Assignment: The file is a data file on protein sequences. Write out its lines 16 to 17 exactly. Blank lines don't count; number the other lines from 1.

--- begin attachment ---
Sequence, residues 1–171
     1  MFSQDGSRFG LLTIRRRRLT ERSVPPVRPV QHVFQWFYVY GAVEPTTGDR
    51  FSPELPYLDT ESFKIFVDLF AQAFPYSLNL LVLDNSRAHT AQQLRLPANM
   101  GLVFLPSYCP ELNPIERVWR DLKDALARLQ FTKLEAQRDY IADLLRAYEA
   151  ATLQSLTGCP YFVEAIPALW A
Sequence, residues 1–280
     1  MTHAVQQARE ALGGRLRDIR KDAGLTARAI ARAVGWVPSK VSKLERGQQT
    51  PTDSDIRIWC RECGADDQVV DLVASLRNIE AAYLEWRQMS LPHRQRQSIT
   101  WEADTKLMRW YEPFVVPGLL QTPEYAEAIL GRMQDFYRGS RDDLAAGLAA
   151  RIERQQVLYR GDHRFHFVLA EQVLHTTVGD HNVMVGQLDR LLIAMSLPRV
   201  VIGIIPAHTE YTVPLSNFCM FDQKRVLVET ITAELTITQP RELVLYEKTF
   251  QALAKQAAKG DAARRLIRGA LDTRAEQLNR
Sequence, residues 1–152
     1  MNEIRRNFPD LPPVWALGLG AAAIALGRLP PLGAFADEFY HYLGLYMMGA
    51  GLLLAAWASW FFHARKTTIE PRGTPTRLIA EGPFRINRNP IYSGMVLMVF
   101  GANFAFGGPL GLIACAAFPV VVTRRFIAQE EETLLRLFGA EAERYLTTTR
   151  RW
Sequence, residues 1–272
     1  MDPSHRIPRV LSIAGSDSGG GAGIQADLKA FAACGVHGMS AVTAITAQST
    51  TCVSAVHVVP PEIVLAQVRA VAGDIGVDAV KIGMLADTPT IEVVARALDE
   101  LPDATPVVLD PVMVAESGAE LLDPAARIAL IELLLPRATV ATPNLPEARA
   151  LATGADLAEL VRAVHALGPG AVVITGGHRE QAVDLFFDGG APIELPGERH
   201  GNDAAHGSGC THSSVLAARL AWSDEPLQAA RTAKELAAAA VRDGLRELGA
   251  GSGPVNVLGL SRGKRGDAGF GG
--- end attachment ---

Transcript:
   101  GANFAFGGPL GLIACAAFPV VVTRRFIAQE EETLLRLFGA EAERYLTTTR
   151  RW